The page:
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Die early: Obesity can take around ten years to live


Obesity significantly shortens life expectancy
There are always contradicting statements about how badly excess weight harms our body. Does too much weight actually shorten our life expectancy? Researchers have now found that overweight and obese people have a significantly shorter life expectancy. Too much weight increases the risk of coronary heart disease, strokes, respiratory diseases and cancer. Too much weight can shorten our lifespan by up to ten years.

When people are overweight or even obese, the likelihood of certain diseases increases. An international team of scientists recently found that being overweight and obese could have even worse consequences. The international team of researchers came to the conclusion that too much weight significantly reduces the life expectancy of those affected. The doctors published the results of their study in the journal "The Lancet".

Very overweight people have a life expectancy reduced by ten years
An extensive medical study has now examined the connection between too much weight and the risk of premature death. The result of the investigation was clear. Obesity and obesity significantly shorten our life expectancy. The impact on our life expectancy differs depending on weight, the authors say. Very overweight or obese people even have a life expectancy reduced by around ten years. But even if they only have a few extra pounds on their ribs and suffer from low overweight, their life expectancy drops by about a year, the experts explain in their study.

Men are significantly more affected by the premature risk of death
Overall, the increased risk of premature death (before the age of 70) among overweight or obese men is about three times greater than that of overweight or obese women, the doctors explain. This is in line with previous observations that overweight men have higher insulin resistance, liver fat levels, and a higher risk of diabetes than women, the authors say.

The WHO uses the BMI to determine overweight and obesity
The World Health Organization (WHO) estimates that there are about 1.3 billion adults in the world who suffer from obesity. Another 600 million people are even obese. The prevalence of obesity in adults is around 20 percent in Europe. In North America, the same value is around 31 percent, the experts explain. The WHO uses the so-called Body Mass Index (BMI) to determine overweight or obesity. A BMI value of 18.5 to 25 is considered normal. A value of 25 to 30 is considered overweight, 30 to 35 is moderately obese, and a BMI over 40 is considered to be extremely obese.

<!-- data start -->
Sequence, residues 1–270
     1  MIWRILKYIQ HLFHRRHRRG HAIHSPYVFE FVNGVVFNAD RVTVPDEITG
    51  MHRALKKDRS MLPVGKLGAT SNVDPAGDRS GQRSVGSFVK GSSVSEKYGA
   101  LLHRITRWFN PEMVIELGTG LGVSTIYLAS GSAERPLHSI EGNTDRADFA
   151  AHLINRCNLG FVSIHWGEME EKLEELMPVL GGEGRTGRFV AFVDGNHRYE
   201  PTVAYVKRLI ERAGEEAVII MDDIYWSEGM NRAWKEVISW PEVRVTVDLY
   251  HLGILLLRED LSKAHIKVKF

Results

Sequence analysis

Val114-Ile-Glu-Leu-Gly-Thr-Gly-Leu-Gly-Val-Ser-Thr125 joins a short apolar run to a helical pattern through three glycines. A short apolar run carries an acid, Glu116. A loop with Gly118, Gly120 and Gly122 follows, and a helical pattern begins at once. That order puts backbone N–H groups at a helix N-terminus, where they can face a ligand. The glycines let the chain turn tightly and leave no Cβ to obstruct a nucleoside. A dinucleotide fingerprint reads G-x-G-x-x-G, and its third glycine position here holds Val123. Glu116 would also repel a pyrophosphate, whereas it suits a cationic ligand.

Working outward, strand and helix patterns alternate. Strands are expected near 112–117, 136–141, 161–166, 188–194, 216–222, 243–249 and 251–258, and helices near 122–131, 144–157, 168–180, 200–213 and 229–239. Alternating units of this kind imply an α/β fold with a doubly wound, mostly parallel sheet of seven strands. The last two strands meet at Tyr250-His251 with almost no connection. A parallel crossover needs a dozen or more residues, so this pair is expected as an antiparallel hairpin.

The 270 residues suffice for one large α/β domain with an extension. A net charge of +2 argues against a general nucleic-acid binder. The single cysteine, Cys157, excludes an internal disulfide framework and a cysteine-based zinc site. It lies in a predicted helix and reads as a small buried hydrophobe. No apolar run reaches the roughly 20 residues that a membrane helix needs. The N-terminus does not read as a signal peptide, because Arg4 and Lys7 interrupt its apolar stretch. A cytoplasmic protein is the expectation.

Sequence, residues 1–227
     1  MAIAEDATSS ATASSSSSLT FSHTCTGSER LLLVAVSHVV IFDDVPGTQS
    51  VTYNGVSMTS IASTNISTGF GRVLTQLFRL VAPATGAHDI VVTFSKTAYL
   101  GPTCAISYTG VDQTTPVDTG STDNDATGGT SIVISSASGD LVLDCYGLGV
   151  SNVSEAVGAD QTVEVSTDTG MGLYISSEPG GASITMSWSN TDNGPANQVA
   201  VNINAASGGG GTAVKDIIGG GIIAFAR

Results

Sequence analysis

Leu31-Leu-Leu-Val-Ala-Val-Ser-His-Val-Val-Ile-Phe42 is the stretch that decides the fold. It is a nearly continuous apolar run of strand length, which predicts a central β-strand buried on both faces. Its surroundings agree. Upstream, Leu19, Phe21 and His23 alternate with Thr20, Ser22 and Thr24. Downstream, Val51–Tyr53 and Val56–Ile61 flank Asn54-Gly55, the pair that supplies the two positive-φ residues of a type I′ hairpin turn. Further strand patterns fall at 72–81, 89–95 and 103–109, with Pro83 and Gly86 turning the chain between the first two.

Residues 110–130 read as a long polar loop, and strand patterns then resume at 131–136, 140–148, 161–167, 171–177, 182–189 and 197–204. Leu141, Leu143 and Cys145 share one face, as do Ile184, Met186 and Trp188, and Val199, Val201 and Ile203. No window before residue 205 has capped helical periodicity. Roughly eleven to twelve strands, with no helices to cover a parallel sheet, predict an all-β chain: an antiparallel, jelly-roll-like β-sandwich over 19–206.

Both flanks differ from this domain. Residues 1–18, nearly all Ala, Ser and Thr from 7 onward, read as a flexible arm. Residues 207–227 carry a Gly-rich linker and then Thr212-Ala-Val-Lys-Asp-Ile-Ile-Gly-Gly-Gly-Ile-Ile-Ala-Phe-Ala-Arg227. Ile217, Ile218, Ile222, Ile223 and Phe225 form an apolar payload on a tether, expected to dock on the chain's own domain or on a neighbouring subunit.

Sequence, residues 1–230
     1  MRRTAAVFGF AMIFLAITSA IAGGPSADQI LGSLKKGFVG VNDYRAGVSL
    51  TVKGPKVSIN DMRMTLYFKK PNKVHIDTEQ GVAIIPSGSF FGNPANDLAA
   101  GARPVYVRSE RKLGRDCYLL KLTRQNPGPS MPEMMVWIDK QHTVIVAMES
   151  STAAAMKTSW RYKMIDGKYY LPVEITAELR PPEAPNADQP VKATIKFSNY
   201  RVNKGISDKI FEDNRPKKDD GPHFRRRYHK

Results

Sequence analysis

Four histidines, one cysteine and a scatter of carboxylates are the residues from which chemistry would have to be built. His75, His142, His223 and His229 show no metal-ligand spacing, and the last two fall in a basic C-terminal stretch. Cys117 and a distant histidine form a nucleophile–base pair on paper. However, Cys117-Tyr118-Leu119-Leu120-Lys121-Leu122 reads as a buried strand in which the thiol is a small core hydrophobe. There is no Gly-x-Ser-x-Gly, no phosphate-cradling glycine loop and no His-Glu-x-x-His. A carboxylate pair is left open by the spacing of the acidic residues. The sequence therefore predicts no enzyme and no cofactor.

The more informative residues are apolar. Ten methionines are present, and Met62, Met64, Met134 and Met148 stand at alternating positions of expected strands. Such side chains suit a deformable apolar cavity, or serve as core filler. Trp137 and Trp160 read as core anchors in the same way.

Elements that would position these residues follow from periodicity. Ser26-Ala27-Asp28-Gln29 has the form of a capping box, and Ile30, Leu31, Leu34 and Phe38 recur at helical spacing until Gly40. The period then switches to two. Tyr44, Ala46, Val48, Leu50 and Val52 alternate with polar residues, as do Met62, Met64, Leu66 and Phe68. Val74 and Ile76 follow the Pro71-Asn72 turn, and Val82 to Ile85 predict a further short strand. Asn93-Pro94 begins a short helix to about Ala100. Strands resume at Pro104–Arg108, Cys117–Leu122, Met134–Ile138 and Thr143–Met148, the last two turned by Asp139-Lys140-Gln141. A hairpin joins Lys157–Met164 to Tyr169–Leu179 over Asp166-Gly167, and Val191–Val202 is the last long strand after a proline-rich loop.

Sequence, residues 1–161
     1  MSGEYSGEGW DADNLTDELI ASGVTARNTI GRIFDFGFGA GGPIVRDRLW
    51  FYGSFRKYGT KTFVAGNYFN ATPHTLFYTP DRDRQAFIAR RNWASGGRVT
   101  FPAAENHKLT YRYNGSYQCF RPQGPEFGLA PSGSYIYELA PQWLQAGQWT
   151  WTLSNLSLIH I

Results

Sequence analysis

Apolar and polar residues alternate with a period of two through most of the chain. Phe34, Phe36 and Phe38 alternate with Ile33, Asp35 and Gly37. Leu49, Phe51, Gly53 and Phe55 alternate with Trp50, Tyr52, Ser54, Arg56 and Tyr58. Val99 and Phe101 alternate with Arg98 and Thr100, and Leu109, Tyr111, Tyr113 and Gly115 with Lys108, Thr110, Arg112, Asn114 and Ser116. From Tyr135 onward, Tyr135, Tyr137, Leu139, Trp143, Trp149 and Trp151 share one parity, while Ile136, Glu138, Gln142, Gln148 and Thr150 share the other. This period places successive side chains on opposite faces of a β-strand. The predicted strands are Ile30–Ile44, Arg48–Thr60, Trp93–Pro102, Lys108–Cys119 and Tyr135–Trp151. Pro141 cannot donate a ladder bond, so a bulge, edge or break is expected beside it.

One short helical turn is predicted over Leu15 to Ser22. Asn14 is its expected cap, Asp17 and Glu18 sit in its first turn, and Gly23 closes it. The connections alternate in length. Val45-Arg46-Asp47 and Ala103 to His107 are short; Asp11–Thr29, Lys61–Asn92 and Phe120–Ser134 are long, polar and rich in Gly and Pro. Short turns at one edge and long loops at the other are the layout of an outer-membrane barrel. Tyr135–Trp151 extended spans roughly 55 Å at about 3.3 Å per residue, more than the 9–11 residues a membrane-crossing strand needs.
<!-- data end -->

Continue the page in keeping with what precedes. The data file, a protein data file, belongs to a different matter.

Being overweight increases the risk of many illnesses
The new results of the research project clearly prove that some pounds can have too many bad consequences and have negative effects on life expectancy. The study clearly demonstrated that obesity as well as obesity do involve the risk of premature death, explains lead author Emanuele Di Angelantonio from the internationally recognized University of Cambridge. The risk of premature death increases dramatically as we gain weight. This is due to diseases such as strokes, respiratory diseases and cancer. Researchers found that, for example, the risk of multiple sclerosis from being overweight also increases.

Researchers are evaluating the largest study on obesity and lifespan to date
The new study had a very broad basis for the survey. The number of data from examined patients is larger than in all other similar studies before, the authors explain. Never have more people been examined for the effects of being overweight on lifespan. For their study, the researchers evaluated the results and data from 189 previous studies in Europe, North America and other countries. When entering the study, all subjects were between 20 and 90 years old. All participants were non-smokers and did not suffer from any known chronic diseases when the doctors took their BMI.

Study started with a data set of 10.6 million patients
Initially, the doctors even examined a data set of 10.6 million patients. These were collected for individual studies between 1970 and 2015. From this huge data set, the scientists sorted out the patients who had died prematurely, but whose death had other causes than their overweight. For example, these included smokers and people with serious chronic diseases, say the experts.

Losing weight could save lives for many people worldwide
The data for the remaining patients came from four different continents. This data from 3.9 million people was eventually used for the current study, the doctors say. The results of the study clearly show that if all obese people lose weight until they reach normal weight, the number of premature deaths could be significantly reduced. One in seven Europeans who died prematurely could be saved if they lost weight and reached a normal BMI. In North America, every fifth person affected could be saved, the authors calculated.

Obesity continues to increase around the world
If the trend continues that more and more people around the world are gaining weight and becoming overweight, the increased death rate in North America could soon become the norm all over the world, warn the scientists. Today, many overweight children suffer from high blood pressure. Other research has shown that many first grade students are overweight. So the problem begins in childhood and not only in advanced age, the experts add. (as)

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